Today’s world makes athletes, movie stars and singers heros every day. When I was a child, my heros were firefighters, cops, soldiers, doctors and nurses. These people are still my heros today. Every day, these people face challenges that superstars never encounter. These heros are still flawed though, just like you and me, but they decide to continue going on and doing what they need to do.

    The media has certainly added to the modern day hero’s downfall. Media knows what sells…sex, corruption, shame. With publications willing to pay absurd amounts of money for the picture of someone famous having an affair but nothing for the story of the man or woman who has faced the worst life could throw at them and their comeback, are we really surprised by the downfall of so many? Throw in the pressures to be perfect because you know your life is constantly under a microscope…the added pressure only causes people to crumble faster.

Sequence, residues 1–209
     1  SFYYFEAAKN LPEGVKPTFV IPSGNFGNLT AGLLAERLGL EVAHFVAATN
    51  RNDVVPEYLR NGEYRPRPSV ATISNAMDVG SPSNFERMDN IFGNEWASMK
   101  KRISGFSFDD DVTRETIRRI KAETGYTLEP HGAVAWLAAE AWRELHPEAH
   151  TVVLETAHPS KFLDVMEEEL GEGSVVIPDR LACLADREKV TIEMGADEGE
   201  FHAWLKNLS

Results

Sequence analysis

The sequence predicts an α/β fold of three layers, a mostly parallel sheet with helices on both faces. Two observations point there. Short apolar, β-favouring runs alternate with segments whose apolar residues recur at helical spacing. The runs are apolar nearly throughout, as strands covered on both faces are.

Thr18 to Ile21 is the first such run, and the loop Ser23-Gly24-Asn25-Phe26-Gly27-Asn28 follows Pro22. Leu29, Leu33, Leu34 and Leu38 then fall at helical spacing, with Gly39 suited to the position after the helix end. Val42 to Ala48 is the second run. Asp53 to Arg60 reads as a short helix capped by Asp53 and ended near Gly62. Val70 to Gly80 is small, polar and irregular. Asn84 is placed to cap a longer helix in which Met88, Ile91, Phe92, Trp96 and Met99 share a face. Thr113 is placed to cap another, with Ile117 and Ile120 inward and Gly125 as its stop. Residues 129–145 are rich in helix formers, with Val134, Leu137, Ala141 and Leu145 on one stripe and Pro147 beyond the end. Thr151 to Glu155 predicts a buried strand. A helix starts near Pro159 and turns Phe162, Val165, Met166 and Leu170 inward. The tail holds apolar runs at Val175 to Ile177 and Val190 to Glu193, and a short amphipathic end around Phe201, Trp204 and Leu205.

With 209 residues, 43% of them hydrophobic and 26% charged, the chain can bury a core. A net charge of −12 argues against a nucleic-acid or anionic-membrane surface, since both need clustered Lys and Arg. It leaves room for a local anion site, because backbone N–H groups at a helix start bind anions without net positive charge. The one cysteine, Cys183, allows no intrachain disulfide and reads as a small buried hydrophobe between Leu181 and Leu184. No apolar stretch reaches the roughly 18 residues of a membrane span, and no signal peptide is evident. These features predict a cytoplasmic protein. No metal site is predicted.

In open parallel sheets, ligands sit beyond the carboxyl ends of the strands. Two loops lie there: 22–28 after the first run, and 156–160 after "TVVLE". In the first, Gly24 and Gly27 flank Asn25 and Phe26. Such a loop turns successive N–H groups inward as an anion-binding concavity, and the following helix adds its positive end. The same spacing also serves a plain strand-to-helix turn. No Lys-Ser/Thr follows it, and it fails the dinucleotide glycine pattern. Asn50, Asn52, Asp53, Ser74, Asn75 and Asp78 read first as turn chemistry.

I believe the world needs to create a new definition of what a hero is before they go and chastise someone else for their flaws. To me, the greatest heros are those who overcome struggle and strife and come out better on the other side or those who make a personal decision to place the lives of others before their own. The soldier who goes rushing into combat because his brothers in arms need him, the firefighter who runs into the burning building while everyone else runs away. The man who always had a good heart and faced financial ruin and the demise of his family but yet kept his faith, dug in, fought back and found a new and happier life while maintaining his dignity. Those are the heros in this world.

    Just my $0.02…

  3. Society might also revel in the downfall of a hero out of feeling of intimidation. Like a fictional hero with human flaws, people might simply take some strange comfort in finding that the hero in question is as morally flawed as they are.